US security officials ‘considered return to nuclear testing’ after 28-year hiatus


(The Guardian) – US officials have debated whether to carry out the first US nuclear tests in 28 years as a way to pressure Russia and China into make a trilateral arms control deal, according congressional aides and former officials.

They said the discussion took place at a “deputies meeting” of senior national security officials at the White House on 15 May, but that the proposal was shelved for the time being.

The discussion was first reported on Friday night by the Washington Post, which cited a senior administration official as saying that a demonstration to Moscow and Beijing that the United States could carry out a “rapid test” could be a useful bargaining counter in the achieving the administration’s priority on arms control – a trilateral deal with Russia and China.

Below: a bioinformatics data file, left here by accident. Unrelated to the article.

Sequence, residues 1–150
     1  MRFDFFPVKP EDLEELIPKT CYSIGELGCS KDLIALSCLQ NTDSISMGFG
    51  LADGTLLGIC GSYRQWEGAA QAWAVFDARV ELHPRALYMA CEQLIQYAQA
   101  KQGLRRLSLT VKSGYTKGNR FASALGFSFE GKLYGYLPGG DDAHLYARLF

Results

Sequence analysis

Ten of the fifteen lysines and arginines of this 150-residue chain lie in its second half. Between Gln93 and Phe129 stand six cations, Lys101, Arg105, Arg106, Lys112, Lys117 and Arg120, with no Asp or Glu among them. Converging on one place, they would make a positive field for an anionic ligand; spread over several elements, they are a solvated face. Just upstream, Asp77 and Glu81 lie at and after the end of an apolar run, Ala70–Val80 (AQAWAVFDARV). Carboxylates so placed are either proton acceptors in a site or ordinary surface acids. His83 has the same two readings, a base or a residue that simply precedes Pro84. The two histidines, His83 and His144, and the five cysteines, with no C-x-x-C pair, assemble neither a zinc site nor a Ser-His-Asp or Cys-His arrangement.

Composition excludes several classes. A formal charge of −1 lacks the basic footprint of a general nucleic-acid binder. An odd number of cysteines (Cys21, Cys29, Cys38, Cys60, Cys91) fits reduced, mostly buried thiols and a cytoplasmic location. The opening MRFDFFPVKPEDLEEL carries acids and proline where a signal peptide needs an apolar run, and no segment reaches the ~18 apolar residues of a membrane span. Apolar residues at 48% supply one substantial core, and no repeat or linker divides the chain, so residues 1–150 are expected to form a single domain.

The deputies committee discussion has come at a time when arms control is in danger of dying out altogether. The Trump administration has pulled out of three arms control agreements, the latest this week with an announcement that the US will withdraw from the Open Skies Treaty, which allows the Russia and western nations to conduct observation overflights of each other’s territories.

The last major arms control treaty left standing is the 2010 New Start agreement, limiting US and Russian deployed strategic warheads. It is due to expire in February next year but the Trump administration has said it does not want to extend it without bringing China into arms control negotiations. Beijing has refused, on the grounds that its stockpile is tiny compared with the US and Russian arsenals (estimated at just over a twentieth of the size).

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